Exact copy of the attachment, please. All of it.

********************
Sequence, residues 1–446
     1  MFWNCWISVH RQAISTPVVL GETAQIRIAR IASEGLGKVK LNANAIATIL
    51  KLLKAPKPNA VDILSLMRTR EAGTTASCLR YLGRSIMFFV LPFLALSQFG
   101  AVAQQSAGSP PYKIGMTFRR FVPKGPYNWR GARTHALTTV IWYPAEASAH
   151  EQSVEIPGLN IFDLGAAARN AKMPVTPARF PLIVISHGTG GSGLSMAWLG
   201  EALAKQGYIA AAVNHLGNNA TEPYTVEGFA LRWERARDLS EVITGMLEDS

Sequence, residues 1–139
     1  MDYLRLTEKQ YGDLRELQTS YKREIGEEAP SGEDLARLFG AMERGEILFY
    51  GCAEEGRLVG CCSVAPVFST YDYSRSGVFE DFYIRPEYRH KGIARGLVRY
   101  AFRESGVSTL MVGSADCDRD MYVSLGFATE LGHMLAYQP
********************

Sequence, residues 1–446
     1  MFWNCWISVH RQAISTPVVL GETAQIRIAR IASEGLGKVK LNANAIATIL
    51  KLLKAPKPNA VDILSLMRTR EAGTTASCLR YLGRSIMFFV LPFLALSQFG
   101  AVAQQSAGSP PYKIGMTFRR FVPKGPYNWR GARTHALTTV IWYPAEASAH
   151  EQSVEIPGLN IFDLGAAARN AKMPVTPARF PLIVISHGTG GSGLSMAWLG
   201  EALAKQGYIA AAVNHLGNNA TEPYTVEGFA LRWERARDLS EVITGMLEDS

Sequence, residues 1–139
     1  MDYLRLTEKQ YGDLRELQTS YKREIGEEAP SGEDLARLFG AMERGEILFY
    51  GCAEEGRLVG CCSVAPVFST YDYSRSGVFE DFYIRPEYRH KGIARGLVRY
   101  AFRESGVSTL MVGSADCDRD MYVSLGFATE LGHMLAYQP